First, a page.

Since the release of the book and recording of our interview with Solomon, the family of Norman Rockwell has come out saying they are angered by the book and shocked at the suggestions that Rockwell could have been secretly gay or had pedophilic impulses.

A statement issued by the Norman Rockwell Family Agency says – "Ms. Solomon's conclusions demand scrutiny. The Family now feels that her purpose in befriending us and writing this fictionalized account was publicity, financial gain and self-aggrandizement.”

Thomas Rockwell is Norman Rockwell’s second son and an author. Perhaps best known for his young adult classic, How to Eat Fried Worms He joins us along with his daughter, Norman Rockwell’s granddaughter, Abigail Rockwell.

The Roundtable
9:00 am
Thu December 19, 2013

12/19/13 Panel

  Today's panelists are WAMC newsman Ray Graf, WAMC’s Alan Chartock and Daily Gazette editor, Judy Patrick.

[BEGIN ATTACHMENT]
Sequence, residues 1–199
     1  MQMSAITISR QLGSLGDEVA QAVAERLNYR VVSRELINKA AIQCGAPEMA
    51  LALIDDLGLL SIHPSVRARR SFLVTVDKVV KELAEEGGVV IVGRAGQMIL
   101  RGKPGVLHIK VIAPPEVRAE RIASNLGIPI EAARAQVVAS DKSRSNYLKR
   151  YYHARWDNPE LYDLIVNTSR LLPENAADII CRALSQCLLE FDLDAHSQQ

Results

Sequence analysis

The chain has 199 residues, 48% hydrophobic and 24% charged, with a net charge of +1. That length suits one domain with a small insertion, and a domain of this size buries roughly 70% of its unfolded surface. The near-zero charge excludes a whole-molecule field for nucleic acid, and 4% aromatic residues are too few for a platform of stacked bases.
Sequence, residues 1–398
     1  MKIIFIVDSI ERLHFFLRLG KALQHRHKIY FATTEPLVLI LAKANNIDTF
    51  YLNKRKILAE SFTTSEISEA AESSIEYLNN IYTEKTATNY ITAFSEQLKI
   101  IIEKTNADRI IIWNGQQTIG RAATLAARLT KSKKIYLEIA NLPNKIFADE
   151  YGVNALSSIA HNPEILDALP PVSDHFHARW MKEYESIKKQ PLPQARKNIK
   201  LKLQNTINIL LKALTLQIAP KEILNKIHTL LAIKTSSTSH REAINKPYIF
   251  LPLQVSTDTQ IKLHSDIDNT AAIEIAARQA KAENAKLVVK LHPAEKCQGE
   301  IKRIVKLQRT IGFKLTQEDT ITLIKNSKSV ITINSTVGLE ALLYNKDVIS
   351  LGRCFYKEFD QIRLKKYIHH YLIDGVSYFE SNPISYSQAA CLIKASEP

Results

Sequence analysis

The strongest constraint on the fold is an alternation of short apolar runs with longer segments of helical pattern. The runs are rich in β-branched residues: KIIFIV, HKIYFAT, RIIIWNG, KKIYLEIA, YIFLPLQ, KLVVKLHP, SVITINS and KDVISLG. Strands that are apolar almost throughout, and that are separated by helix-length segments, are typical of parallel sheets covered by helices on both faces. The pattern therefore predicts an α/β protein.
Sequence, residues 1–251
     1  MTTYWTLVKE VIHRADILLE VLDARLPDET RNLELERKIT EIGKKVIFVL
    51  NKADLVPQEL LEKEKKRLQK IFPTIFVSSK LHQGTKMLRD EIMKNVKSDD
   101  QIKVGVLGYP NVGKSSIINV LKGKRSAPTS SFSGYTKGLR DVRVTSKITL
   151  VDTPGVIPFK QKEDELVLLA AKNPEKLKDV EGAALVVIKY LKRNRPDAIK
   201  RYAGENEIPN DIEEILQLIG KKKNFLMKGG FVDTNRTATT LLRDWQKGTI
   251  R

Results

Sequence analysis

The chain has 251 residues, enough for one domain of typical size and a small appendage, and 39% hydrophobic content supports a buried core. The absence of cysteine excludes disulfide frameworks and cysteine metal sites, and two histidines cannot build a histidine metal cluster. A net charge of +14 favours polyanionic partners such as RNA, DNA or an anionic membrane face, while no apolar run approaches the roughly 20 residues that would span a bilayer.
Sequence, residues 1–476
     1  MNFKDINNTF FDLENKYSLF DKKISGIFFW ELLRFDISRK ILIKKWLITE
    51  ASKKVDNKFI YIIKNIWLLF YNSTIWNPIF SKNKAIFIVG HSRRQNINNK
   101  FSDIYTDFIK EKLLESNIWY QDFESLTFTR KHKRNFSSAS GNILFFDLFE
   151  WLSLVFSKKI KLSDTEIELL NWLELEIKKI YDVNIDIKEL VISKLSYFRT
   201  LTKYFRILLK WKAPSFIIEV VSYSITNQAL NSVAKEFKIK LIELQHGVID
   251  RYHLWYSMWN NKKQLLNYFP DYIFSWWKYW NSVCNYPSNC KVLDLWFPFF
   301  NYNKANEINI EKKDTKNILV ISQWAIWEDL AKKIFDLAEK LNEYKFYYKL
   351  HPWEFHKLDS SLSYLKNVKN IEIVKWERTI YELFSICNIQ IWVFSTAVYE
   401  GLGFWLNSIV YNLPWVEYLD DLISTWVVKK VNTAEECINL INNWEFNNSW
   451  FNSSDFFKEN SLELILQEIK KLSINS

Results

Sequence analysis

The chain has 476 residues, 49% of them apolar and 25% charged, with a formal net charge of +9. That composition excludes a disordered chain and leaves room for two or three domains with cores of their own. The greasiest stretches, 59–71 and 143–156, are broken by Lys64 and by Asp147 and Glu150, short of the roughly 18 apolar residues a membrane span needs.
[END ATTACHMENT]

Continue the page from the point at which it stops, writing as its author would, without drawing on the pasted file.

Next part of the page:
Topics include:
Target Stolen Shopper Data
Data Mining
Health Care Poll
Death Penalty
FCC Blackout Rule

Science & Technology
11:35 am
Wed December 18, 2013

Jesse Feiler - Ebooks Today

    Our Tech Guru, Jesse Feiler, joins us to discuss what’s new in ebooks and apps.

Jesse Feiler is an app developer, consultant, trainer, and author. His books include iOS 6 Foundations, and the forthcoming Sams Teach Yourself Objective-C Second Edition. His apps include Minutes Machine the iPad-based app for managing meetings, agendas, and minutes; and Saranac River Trail app.

The Roundtable
11:12 am
Wed December 18, 2013

Liza Donnelly On "Women On Men"

    It is always a thrill to welcome New Yorker Cartoonist Liza Donnelly to the program. She has a new book of cartoons and writing, Women on Men that is available as an e-book.

The book is a collection of over 200 of her cartoons. The theme is primarily about women being funny.

Liza Donnelly has been publishing cartoons in the New Yorker since 1982. She is also a weekly columnist and cartoonist for Forbes.com, specializing in politics and women’s rights, and for three years, Donnelly has been drawing a weekly cartoon on gender issues and women’s rights for the news site, Women’s Enews.

Arts & Culture
10:10 am
Wed December 18, 2013

Wendell Minor’s America At The Norman Rockwell Museum

Wendell Minor - The Manhattan Bridge